By REV. PETER HATA
Like most of our temple members, and most of the tourists and foodies who frequent Little Tokyo, I’ve become increasingly aware of the plight of the homeless who live in the area. From the particular vantage point of Higashi Honganji at the northwest corner of Third Street and Central Avenue, we often see homeless tents lining Crocker Street stretching southward from Third Street as far as the eye can see.
However, unlike those tourists and foodies, for our members who are at temple on a weekly and sometimes daily basis, homelessness seems a bit more “in our face.”
Interestingly, some of our members recently began devoting one Sunday afternoon every month to making snack packs for the Downtown Women’s Center (DWC), which gives 24/7 aid to homeless women in the Skid Row area of Los Angeles. Actually, the DWC’s mission isn’t just to provide much-needed food, shelter, and clothing; it’s to support their residents’ wellness and employment opportunities with the goal of ending their homelessness.
Every month, using donated funds, about a dozen or so temple members purchase the ingredients to make 100 snack packs, which consist of a sandwich, fruit, nut mix, and water. After Sunday service, we get together to make the sandwiches, assemble the snack packs, and deliver them to the Women’s Center, which is located on the corner of San Pedro and Fifth Street.
The Center itself is a clean, well-run facility, and its staff are very helpful when dropping off donations. Our members also participated in handing out the snack packs in the large main room. Although some of us might have initially had concerns about the DWC being in the heart of Skid Row, it was most heartwarming to hear the women express their gratitude for receiving their snack packs.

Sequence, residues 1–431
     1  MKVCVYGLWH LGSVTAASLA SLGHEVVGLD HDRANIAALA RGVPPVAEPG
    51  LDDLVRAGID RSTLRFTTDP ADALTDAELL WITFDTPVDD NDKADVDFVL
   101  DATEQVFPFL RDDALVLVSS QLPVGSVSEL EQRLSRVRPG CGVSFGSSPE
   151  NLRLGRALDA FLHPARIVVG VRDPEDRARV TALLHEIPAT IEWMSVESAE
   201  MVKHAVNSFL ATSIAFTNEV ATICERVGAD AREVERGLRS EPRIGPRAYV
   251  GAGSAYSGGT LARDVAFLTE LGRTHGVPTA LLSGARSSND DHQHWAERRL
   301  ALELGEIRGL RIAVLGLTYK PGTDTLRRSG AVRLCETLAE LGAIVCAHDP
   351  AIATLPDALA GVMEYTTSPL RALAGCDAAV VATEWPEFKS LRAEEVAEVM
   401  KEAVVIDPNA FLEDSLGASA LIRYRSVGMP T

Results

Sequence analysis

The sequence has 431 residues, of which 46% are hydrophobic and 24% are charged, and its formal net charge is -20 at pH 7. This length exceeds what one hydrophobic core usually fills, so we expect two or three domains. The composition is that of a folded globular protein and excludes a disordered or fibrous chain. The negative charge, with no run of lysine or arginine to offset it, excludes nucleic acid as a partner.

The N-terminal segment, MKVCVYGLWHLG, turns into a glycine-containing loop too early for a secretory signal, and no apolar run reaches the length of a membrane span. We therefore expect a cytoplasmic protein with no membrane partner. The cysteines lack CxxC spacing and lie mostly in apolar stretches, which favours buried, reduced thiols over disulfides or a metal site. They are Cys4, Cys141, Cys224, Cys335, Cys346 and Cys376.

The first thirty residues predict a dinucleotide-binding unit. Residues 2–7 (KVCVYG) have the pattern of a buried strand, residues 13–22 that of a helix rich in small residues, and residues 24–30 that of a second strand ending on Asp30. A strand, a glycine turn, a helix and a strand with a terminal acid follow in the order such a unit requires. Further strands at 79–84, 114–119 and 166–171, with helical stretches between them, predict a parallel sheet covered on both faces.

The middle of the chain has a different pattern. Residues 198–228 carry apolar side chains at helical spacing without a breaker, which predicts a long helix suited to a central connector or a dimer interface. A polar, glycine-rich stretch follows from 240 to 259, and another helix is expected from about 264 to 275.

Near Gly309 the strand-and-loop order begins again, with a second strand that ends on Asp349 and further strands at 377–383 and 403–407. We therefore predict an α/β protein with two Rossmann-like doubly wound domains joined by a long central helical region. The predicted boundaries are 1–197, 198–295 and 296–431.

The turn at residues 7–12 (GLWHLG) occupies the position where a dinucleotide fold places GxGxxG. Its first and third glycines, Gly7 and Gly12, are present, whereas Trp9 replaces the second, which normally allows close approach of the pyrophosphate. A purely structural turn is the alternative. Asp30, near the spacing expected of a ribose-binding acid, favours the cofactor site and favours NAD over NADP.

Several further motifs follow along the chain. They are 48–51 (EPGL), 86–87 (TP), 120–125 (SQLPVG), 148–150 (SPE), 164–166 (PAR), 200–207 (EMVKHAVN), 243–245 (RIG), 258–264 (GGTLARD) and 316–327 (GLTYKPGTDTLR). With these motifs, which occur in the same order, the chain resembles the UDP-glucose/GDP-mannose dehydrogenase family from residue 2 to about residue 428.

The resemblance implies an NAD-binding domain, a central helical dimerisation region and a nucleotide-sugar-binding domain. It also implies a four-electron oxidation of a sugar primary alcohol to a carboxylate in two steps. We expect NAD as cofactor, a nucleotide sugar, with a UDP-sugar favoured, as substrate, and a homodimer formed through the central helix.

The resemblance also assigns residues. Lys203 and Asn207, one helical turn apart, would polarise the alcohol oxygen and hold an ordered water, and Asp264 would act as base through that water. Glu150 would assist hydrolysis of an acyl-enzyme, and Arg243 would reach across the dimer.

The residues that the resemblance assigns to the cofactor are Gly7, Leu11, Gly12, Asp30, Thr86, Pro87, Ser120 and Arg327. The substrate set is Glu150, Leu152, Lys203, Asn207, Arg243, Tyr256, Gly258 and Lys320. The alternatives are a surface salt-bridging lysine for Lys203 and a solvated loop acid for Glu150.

Of course, many Buddhist teachers speak of Buddhism as being the teaching of Oneness, and that the ultimate goal is to awaken to our interconnectedness with all life. It can be tempting to claim that our being Buddhist is responsible for our involvement with the DWC. Hopefully, that is at least partially true, but I don’t think it would be entirely accurate.
For one thing, the DWC currently has something like 5,000 people who regularly volunteer with all kinds of activities like cooking meals, sorting donations, helping in their vocational learning center, or in their retail store. I would guess that most of these volunteers find the same kind of satisfaction as our temple members do, but independently of Buddhism.
Therefore, it might be more accurate to say that, rather than our temple members helping the DWC, it’s really the DWC that is helping our members. They give us the opportunity to join together with them and their residents, and become part of something bigger than ourselves.
In this sense, they are helping the temple realize its own goal. It was the hope of the founders of Higashi Honganji that the temple be a place where we truly hear the Buddhist teaching of Oneness and move ever closer to realizing our interconnectedness with all life.
Rev. Peter Hata is staff minister at Higashi Honganji and former resident minister of West Covina Buddhist Temple. He is also a musician and an original member of the band Hiroshima.